The same set of growing interdependencies increases illegal trafficking. Cross-border business travel, global tourism, the internet, and other conditions integral to globalisation enable multiple global flows never foreseen by the framers and developers of economic globalisation. While 9/11 has further sharpened the will to control immigration and increased illegal trafficking the reduction in civil liberties will not strengthen our civil societies or democracy. Nor will this policy orientation help our societies adjust to emerging demographic trends. Let us take a detailed look at how one specific form of people flow today brings many of these issues together.

People for sale

Trafficking in workers – the forced recruitment and/or transportation of people within and across states – for both licit and illegal work (for example, unauthorised sex work) illuminates a number of the intersections between negative conditions in the global south and some of the tensions in the immigration regime.

Trafficking is a violation of several distinct types of rights: human, civil, political. Much legislative work has been done to address trafficking via international treaties and charters, UN resolutions, and various bodies and commissions. The issue was addressed, for example, in the G8 meeting in Birmingham in May 1998 where the heads of the major industrialised countries stressed the importance of cooperating against international organised crime.

Former US President Clinton issued a set of directives to his administration to strengthen and increase efforts against trafficking in women and girls, which in turn generated a legislation initiative by the late senator Paul Wellstone, whose bill – S.600 – was introduced in the senate in 1999.

NGOs are also playing an increasingly important role. For instance, the Coalition Against Trafficking in Women has centres and representatives in Australia, Bangladesh, Europe, Latin America, North America, Africa and Asia Pacific. The Women’s Rights Advocacy Program has established the Initiative Against Trafficking in Persons to combat the global trade.

There are two distinct issues here: one is that globalisation has produced new conditions and dynamics, especially the growing demand for these types of workers by the expanding high-income professional workforce associated largely, though not exclusively, with globalisation. The second issue is that globalisation has enabled older trafficking networks and practices which used to be national or regional to become global.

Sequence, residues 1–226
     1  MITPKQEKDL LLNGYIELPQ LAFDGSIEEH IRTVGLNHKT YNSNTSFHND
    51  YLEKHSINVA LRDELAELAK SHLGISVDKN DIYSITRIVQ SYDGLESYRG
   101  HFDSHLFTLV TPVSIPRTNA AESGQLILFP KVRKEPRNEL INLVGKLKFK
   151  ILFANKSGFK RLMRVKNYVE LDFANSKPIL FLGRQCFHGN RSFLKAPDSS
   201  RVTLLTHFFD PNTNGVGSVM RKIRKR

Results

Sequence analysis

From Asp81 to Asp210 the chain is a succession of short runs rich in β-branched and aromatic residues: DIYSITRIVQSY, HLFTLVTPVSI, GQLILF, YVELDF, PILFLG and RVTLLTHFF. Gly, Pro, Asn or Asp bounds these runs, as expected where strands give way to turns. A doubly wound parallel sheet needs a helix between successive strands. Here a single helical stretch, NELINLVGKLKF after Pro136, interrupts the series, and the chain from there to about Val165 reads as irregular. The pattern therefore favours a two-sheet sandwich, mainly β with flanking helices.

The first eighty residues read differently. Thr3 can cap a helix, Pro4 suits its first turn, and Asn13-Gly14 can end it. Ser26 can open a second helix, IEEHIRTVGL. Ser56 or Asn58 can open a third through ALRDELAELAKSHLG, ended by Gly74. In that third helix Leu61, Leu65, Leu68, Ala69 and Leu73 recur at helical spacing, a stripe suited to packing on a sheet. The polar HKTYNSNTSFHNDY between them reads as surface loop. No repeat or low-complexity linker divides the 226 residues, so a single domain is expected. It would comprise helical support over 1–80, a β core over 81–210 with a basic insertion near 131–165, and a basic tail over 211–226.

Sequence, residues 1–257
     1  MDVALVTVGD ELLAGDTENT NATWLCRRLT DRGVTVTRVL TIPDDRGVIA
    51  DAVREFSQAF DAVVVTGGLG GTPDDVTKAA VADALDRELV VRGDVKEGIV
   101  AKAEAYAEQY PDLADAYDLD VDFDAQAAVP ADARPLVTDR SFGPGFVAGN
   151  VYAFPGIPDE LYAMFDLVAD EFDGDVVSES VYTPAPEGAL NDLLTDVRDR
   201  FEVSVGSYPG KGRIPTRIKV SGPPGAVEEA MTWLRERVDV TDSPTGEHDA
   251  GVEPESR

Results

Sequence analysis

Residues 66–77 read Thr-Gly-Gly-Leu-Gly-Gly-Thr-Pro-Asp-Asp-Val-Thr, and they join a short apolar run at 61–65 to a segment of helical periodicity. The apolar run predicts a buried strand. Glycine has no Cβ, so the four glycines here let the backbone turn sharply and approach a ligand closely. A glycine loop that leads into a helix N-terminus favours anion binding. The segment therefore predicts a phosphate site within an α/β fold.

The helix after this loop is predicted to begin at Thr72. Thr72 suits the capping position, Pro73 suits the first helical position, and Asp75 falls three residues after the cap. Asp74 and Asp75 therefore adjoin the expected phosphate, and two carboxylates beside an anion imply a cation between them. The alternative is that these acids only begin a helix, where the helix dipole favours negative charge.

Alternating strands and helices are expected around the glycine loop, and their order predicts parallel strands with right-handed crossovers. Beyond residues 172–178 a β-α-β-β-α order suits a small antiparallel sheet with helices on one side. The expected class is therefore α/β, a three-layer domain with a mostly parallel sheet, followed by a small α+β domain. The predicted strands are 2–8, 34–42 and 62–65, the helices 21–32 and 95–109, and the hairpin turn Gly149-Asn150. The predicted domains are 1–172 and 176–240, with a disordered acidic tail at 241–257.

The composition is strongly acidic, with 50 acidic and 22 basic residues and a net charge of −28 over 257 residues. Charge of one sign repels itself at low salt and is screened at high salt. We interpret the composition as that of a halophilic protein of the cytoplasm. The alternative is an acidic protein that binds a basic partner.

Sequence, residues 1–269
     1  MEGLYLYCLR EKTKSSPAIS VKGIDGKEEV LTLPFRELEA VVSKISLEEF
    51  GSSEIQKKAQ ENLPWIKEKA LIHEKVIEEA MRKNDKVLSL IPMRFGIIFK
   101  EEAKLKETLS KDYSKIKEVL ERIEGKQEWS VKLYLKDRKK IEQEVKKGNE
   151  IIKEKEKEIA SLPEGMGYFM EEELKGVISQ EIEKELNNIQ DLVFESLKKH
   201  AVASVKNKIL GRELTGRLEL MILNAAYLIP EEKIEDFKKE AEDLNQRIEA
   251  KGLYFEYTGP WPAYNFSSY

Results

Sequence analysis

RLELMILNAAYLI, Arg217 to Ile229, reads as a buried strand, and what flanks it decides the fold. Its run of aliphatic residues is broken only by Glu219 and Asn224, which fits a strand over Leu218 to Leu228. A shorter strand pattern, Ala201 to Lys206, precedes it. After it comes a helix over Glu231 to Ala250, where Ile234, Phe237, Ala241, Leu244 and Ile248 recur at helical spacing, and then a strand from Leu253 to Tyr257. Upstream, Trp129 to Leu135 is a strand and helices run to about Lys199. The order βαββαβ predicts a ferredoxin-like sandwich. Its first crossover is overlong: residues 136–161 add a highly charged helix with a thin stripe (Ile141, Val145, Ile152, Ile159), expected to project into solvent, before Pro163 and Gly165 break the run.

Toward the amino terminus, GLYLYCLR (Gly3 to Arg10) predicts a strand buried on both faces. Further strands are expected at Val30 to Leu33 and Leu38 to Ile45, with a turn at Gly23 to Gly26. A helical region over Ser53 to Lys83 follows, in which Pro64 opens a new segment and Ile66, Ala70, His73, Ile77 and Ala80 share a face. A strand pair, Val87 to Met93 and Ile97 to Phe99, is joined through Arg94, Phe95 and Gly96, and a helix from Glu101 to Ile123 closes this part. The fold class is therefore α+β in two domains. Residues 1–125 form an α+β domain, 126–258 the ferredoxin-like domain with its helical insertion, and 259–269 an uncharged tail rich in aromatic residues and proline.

Here I want to focus on some of the data on the trafficking of women, especially for the sex industries and the growing weight of this trafficking as a profit-making option for the traffickers, especially it would seem from the global south – certain areas in Asia, Nigeria, some regions of the ex-Soviet Union and east-central Europe. This then adds to the role of emigrants’ remittances generally, whether from lawful, unauthorised or trafficked immigrants, in the account balance of many of the impoverished governments of sending countries. Profits and revenues are, clearly, a disincentive to attack this trade. Insofar as the countries of the global north are one of the key destinations, they do not escape the consequences of this illegal trade either.

A case study: trafficking in women

Trafficking in migrants is a profitable business. According to a UN report, criminal organisations in the 1990s generated an estimated 3.5 billion US$ per year in profits from trafficking migrants (excluding most of the women trafficked for the sex industry). The involvement of organised crime is a recent development. In the past it was mostly petty criminals who engaged in this type of trafficking, but a CIA report for 1999 notes that in several countries, organised crime groups are creating intercontinental strategic alliances through networks of co-ethnics, to facilitate transport arrangements, local contact and distribution, and the provision of false documents.

Although there is no exhaustive data, the available information suggests that trafficking in women, including minors, for the sex industry is particularly profitable. The United Nations estimates that 4 million women were trafficked in 1998, producing a profit of US$7 billion for criminal groups. These funds include remittances from prostitutes’ earnings and payments to organisers and facilitators in these countries.

In Japan, where the ‘entertainment’ industry is legal, and profits are about 4.2 trillion yen per year over the last few years – there is growing evidence that illegally-trafficked women are a growing share of sex-workers. In Poland, police estimate that for each Polish woman delivered, the trafficker receives about US$700. In Australia, the federal police estimate that the cash flow from 200 prostitutes is up to A$900,000 a week. Ukrainian and Russian women, in high demand in the sex market, earn the criminal gangs involved about $500 to $1000 per woman delivered. These women can be expected to service fifteen clients a day on average; each can be expected to make about $215,000 per month for the gang.

It is estimated that in recent years several million women and girls have been trafficked within and out of Asia and the former Soviet Union, two major trafficking areas. Some research suggests that economic need is the bottom line for entry into prostitution. Increases in trafficking in both these areas are linked to women being pushed into poverty or sold to brokers due to the poverty of their households or parents. High unemployment in the former Soviet republics has been one factor promoting growth of criminal gangs as well as growth of trafficking in women. Unemployment rates among women in Armenia, Russia, Bulgaria and Croatia reached 70% and in Ukraine 80% with the implementation of market policies.

But some aspects of immigration policy and enforcement may also contribute to the vulnerability of these women. If they are undocumented, which is all too likely, they will not be treated as victims of abuse but as violators of the laws governing entry, residence and work. Attempts to address undocumented immigration and trafficking through greater border controls only increase the likelihood that women will use traffickers to cross the border, some of whom will turn out to belong to criminal organisations linked to the sex industry.